Customs, Food Culture

Charm and Sharp Teasing, the Huaylacas of Cuzco

Huaylacas, the Soul of the Feast (Photo: Walter Coraza Morveli)

People participate in  Cuzco’s fiestas with great courage and vigor. Some figures dance with dignity and majesty, others are athletic and energetic, while some tease and provoke. Among the latter are the maqtas and huaylacas. These are the soul of the feast. With their movements and steps they carry the feast forward, making it a joy to the end.

Both of these figures are well known and often talked about by the people. For example, the word huaylaca is used outside the feast. It does not just describe a dancer. For example, it is commonly used to describe women who do not know how to do the tasks of the home, especially those things that are considered typical of women, such as cooking, washing clothes, or caring for children. They are called huaylacas.

The term of huaylaca is used by women who have sons to describe their daughters-in-law. They may be frustrated with the homemaking skills of the women who marry into their family and so call them huaylacas.

Mestiza Collacha Dancers (Photo: Walter Coraza Morveli)
Mestiza Collacha Dancers (Photo: Walter Coraza Morveli)

However, today the word huaylaca refers most commonly to the figure in our dances. They dress like a woman. They wear a pollera, a traditional skirt, or sometimes dress as a mestiza collacha. Sometimes they wear a hat or a grotesque mask.  Others wear the woven mask of the ukuko. They also wear, however, the sandals or shoes of a man.

They are ostensibly female but also wear items of male clothing. As a result, they are a kind of sacred clown. Their personage seems to signify a woman but they have the qualities of a man with strong and grotesque movements while walking or speaking.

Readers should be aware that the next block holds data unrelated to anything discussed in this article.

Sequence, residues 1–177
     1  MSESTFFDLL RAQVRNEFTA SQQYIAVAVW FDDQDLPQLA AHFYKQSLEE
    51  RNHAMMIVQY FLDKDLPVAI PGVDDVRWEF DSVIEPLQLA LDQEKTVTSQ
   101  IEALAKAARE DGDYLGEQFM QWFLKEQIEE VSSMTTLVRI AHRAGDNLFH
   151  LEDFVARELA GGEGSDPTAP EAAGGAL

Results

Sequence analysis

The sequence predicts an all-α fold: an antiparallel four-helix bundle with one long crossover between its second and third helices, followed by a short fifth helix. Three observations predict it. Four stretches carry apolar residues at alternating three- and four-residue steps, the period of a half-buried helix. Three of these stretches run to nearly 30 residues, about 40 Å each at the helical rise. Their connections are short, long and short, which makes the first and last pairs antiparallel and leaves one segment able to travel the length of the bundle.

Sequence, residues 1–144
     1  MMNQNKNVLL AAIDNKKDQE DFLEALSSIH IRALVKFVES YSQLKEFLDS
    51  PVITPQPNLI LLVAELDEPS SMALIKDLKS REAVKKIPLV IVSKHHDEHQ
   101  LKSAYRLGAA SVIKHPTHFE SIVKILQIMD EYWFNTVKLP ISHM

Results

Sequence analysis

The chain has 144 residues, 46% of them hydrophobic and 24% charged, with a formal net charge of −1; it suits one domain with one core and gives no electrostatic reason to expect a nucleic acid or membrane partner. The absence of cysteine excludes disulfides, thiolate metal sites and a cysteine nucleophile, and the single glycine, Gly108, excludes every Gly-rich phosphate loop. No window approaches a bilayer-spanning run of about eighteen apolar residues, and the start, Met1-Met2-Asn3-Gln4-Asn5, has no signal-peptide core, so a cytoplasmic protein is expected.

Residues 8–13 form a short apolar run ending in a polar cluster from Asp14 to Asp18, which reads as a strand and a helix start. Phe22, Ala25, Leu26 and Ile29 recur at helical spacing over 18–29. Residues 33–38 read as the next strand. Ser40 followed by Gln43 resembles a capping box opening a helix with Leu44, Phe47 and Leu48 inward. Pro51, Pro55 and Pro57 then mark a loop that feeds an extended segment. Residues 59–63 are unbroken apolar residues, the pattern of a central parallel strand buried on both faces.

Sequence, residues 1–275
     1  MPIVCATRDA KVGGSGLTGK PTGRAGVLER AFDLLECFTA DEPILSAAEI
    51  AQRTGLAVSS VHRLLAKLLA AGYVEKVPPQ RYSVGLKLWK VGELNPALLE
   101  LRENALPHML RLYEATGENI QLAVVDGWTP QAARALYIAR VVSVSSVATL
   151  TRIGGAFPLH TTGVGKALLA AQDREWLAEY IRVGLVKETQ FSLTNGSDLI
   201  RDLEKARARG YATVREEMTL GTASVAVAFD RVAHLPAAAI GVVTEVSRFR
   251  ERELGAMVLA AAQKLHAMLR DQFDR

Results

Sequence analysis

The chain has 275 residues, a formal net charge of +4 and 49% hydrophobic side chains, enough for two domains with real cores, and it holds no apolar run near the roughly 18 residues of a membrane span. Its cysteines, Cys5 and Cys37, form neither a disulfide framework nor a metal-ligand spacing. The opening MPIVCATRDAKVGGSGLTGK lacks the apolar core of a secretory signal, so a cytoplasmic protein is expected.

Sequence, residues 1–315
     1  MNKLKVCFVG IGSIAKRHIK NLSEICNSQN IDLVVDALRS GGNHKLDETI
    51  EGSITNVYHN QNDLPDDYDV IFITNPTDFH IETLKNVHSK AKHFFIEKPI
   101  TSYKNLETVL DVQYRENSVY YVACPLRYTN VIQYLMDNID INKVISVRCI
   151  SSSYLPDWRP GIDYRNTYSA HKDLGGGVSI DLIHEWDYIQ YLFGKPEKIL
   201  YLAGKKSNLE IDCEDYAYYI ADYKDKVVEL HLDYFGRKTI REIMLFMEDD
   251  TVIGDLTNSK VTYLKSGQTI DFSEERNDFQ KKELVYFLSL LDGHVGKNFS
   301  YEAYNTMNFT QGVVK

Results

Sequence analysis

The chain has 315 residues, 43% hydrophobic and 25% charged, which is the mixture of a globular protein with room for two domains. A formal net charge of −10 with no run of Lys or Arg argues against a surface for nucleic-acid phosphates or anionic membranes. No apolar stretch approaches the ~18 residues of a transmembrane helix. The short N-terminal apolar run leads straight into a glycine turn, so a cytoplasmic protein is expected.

They also carry on their back a baby of rags. This is called by the Quechua word, wawa, meaning baby. They may have a wooden cart or maybe a camera made from cardboard. They walk through the street and accompany the main dance troupes in the feasts. They move among the spectators and tease them. At the same time they are organizing people and keeping order.

This colorful and evocative person must have strong inner grace in order to call attention. Not everybody can wear a dress and walk down the streets trying to play the role of a woman who is not a woman.

The huaylaca had a long history in Cuzco. Every year many young men and adult males prepare to be huaylacas in the feasts or in dance troupes in Cuzco.  It is a difficult and demanding role to play.

The Huaylaca and the Maqta make people laugh (Photo: Walter Coraza Morveli)
The Huaylaca and the Maqta make people laugh (Photo: Walter Coraza Morveli)

The maqtas are similar to the huaylacas. They also have the task of making people laugh, of being at the center of the feast, of keeping order, and of driving away ill-behaved people. He maqta, another sacred clown, wears the clothes of a cholito from Cuzco. However its nose is elongated and looks like a penis. They carry whips and make jokes. They will help people cross the path of the dancers and sometimes anger people who have had too much to drink.

Both of these personages, the maqta and the huaylaca are very important in our feasts and, as a result, in our culture.  From generation to generation people have made these figures alive. They do so with ever more joy and art, including the art of teasing and poking fun. They study this art in order to be inside this personage and carry out everything that is part of their duties.

 

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